You can change the line color (col) and width (lwd).

 

 

Adding Points to a Plot

 

Use points(x,y) with all of the regular plotting subcommands (col, pch, cex, etc.)

 

Points(), lines(), text(), arrows(), and polygon() do not erase the previous plot so are used to add data to an existing graph

 

 

Adding Text to a Plot

 

You can also add text labels to a plot, using the text() command:

 

text(x,y,"text") #adds text centered at specified x, y coordinates

 

Text can also be added from a variable:

 

text(variablename$x,variablename$y,variablename$text) #adds text values from data frame at given x and y coordinates for each point

 

Text colors (col) and size (cex) can be modified, and there are 18 fonts to choose from (1-17 and 19; font 18 seems to be the same as font 1).

 

 

text(x,y,"text",font=2) #changes font to bold

 

Changing the font of the axis labels, title, etc. requires use of font commands as part of the primary plot() function:

 

plot(x,y,font.axis=3,font.lab=3,font.main=3) #changes axis values, labels, and title to italics

 

 

Adding Arrows to a Plot (Error Bars)

 

You can add arrows to a plot, but the most useful function of this command is to generate error bars.

 

The basic use of arrows() is:

 

arrows(x0,y0,x1,y1) #draws an arrow from (x0,y0) to (x1,y1)

 

The length (default 0.25 inches), angle (default 30 degrees), and position (default at x1 end – code 2) of the arrowhead can all be changed:

 

arrows(x,mean-sd,x,mean+sd,length=0.1,angle=90,code=3) #draws line with flat bars (angle=90) at both ends (code=3) of error bar.  Code 1 draws arrowhead at x0 end of line.

 

 

Adding Polygons to a Plot

 

The command is polygon(x,y), where x and y are vector variables containing the coordinates of each vertex.

 

To change the polygon colors:

 

polygon(x,y,border="red") #border color is red but polygon is not filled

 

polygon(x,y,col="red") #fill color is red and border remains black

 

The line type and width can be changed using lty and lwd, respectively.

 

Rectangles can also be plotted using the simpler rect() command:

 

rect(xleft,ybottom,xright,ytop) #plots rectangle with vertexes at (xleft,ybottom), (xright,ybottom), (xright,ytop), (xleft,ytop)

 

 

Adding Legend to a Plot

 

The final step in creating a plot is to add a legend explaining the symbols, colors, or line types, using the legend() command:

 

You can specify the position of the legend by (x,y) coordinates or using preset positions:

 

legend(x,y,c("name1","name2")) #adds legend with its top-left corner at (x,y)

 

The preset legend positions are:

 

legend("bottomright",c("name1","name2")) #adds legend in the bottom right corner. Also "bottom", "bottomleft", "left", "topleft", "top", "topright", "right" and "center".

 

See ?legend() for more parameters, such as displaying the legend without a border (bty=”n”), changing the size (cex), background color of legend box (bg), style of box (box.lty, box.lwd,box.col), color of legend text (text.col), etc.

 

The syntax to match legend symbols/colors/lines to plot symbols/colors/lines is:

 

legend(x,y,c("name1","name2"),pch=c(1,16)) #matches names to symbols in order (first name=first symbol, etc.)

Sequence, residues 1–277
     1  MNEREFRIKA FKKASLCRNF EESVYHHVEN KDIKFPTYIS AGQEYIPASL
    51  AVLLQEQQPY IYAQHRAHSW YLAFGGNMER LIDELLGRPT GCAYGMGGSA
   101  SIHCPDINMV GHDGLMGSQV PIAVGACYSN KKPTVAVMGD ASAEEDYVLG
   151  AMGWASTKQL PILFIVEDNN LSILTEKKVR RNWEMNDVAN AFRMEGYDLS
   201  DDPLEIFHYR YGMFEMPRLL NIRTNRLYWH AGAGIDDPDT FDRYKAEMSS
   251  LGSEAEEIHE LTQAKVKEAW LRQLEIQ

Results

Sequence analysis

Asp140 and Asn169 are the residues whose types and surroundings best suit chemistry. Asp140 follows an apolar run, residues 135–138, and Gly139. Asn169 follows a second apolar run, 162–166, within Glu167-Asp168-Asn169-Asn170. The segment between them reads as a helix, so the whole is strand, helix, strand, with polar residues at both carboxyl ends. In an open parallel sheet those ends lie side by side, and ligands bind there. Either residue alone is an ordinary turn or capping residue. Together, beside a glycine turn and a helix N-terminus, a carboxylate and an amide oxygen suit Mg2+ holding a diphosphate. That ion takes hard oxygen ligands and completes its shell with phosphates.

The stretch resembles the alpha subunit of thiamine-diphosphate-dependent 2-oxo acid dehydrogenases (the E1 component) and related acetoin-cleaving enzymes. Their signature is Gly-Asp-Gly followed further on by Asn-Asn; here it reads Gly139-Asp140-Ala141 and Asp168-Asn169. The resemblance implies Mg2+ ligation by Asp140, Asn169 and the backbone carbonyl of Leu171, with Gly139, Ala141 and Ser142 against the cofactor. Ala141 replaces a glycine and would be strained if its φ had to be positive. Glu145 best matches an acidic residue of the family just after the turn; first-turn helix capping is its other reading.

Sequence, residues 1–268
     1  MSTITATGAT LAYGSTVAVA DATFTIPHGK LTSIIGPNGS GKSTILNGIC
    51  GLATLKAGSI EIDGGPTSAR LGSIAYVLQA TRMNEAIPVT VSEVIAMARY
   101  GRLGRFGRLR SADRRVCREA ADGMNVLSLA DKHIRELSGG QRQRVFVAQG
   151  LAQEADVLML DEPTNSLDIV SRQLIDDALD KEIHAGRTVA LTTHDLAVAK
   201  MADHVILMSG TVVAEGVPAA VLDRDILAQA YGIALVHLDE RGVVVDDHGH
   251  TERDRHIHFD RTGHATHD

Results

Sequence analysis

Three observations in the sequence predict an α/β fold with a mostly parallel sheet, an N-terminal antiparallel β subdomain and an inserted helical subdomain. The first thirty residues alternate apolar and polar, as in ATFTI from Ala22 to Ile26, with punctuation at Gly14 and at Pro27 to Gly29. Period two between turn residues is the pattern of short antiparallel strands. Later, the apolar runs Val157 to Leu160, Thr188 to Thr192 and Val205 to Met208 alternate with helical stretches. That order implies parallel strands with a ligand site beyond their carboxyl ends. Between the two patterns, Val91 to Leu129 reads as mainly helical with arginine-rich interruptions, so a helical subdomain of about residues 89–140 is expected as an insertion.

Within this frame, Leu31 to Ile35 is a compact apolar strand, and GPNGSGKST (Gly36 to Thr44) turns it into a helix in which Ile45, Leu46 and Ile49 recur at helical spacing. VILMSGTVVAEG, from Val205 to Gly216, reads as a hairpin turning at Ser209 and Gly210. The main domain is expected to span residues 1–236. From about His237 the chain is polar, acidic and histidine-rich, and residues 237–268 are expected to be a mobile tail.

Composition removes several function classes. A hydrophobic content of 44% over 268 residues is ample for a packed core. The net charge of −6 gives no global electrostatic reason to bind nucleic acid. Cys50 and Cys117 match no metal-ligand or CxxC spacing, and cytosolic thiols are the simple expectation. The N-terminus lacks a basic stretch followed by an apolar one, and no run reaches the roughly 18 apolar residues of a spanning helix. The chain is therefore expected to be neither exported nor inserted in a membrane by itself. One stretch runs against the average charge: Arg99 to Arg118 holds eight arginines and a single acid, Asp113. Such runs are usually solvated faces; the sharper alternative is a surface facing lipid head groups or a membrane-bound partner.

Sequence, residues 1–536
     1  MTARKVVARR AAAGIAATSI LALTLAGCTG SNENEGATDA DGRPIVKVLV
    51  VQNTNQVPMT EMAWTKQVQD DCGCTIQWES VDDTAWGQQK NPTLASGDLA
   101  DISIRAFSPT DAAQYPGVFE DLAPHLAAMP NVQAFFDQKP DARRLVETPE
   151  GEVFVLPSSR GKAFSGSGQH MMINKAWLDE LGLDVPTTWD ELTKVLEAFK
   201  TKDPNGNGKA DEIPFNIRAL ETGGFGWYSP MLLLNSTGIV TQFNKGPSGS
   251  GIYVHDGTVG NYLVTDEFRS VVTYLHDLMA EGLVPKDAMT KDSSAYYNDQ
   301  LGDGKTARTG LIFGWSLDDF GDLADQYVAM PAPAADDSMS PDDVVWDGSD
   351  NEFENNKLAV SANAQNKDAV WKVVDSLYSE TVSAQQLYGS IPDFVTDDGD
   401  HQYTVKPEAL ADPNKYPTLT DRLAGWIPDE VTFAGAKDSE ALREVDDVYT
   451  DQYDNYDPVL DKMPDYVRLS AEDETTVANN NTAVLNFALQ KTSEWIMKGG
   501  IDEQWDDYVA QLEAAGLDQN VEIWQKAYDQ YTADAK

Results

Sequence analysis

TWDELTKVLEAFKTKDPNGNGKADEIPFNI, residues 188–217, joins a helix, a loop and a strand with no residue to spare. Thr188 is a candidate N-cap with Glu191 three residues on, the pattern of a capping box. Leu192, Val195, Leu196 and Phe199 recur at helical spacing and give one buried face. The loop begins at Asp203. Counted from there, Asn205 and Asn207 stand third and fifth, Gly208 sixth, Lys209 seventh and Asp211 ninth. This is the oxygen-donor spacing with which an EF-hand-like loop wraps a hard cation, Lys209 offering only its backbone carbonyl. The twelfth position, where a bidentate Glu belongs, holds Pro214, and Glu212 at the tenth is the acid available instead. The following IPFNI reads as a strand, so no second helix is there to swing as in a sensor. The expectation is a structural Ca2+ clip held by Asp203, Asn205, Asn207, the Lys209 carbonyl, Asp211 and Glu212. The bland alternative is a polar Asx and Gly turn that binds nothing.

Instead of manually typing the names, you can use the structure of factor variables to generate the list.  If colors or symbols were assigned to points using this syntax:

 

plot(x,y,pch=c(1:5)[variablename$category])

 

the default is to assign the five symbols in alphabetical order to the five names present in the “category” column.  The “category” column (if it contains words) is treated as a factor variable so each unique name is a level.  Therefore, you can use levels(variablename$category) to generate the list of names in the correct order:

 

legend(x,y,levels(variablename$category),pch=c(1:5)) #matches levels of category column (in alphabetical order) to symbols 1 through 5

 

 

Making Multi-Panel Graphs

 

The R plotting window can be set up to create multi-panel graphs.

 

First, create a blank plotting window with the specified parameters:

 

par(mfrow=c(x,y)) #opens new plot window with x rows and y columns, fills by rows

par(mfcol=c(x,y)) #opens new plot window with x rows and y columns, fills by columns

 

Next, create the required number of graphs (x×y) using regular plot() commands.

 

There are two ways to create more complex graphing layouts, using the layout() command and par(fig=…).

 

layout() allows you to specify different sub-plot sizes (column and row widths can be specified) and arrangements (requiring a matrix-style input):

 

layout(matrix(c(1,1,2,3),ncol=2,byrow=T)) #creates plot window with the numbers and position of sub-plots specified by matrix

 

The matrix essentially creates a picture showing the position of numbered sub-plots (in the command above, the numbers 1,1,2,3 are placed into a two-column matrix (ncol=2) by rows (byrow=T)):

 

     [,1] [,2]

[1,]    1    1

[2,]    2    3

 

Column and row widths can be specified after the command specifying the matrix:

 

layout(matrix(c(2,0,1,3),ncol=2,byrow=T),width=c(3,1),height=c(1,3),respect=T) #creates a plot layout that looks like this:

#width= and height= are implied and not necessary.

#“respect=T” forces column and row sizes to be equal (otherwise dimensions vary with plot window size).  Can just use “T”.

 

 

If the layout() command is assigned to a variable, you can see the layout using:

 

layout.show(variable) #opens plot window with sub-plots outlined and numbered

 

 

It may be necessary to edit the margins of each window to reduce white space between plots (if desired), using:

 

par(mar=c(b,l,t,r)) #adjusts bottom, left, top, and right margins to specified size (measured in lines, default is (5,4,4,2))

 

 

For even more flexibility, you can use the graphical parameters (par()) to specify x and y coordinates for each sub-plot:

 

par(fig=c(x1,x2,y1,y2)) #creates sub-plot window from x1 to x2 and y1 to y2 (on a scale of 0 (left edge/bottom) to 1 (ridge edge/top)

 

par(fig=c(x1,x2,y1,y2),new=T) #The new=T command is required to add sub-plots to an existing plot.  It may take trial and error to find suitable coordinates.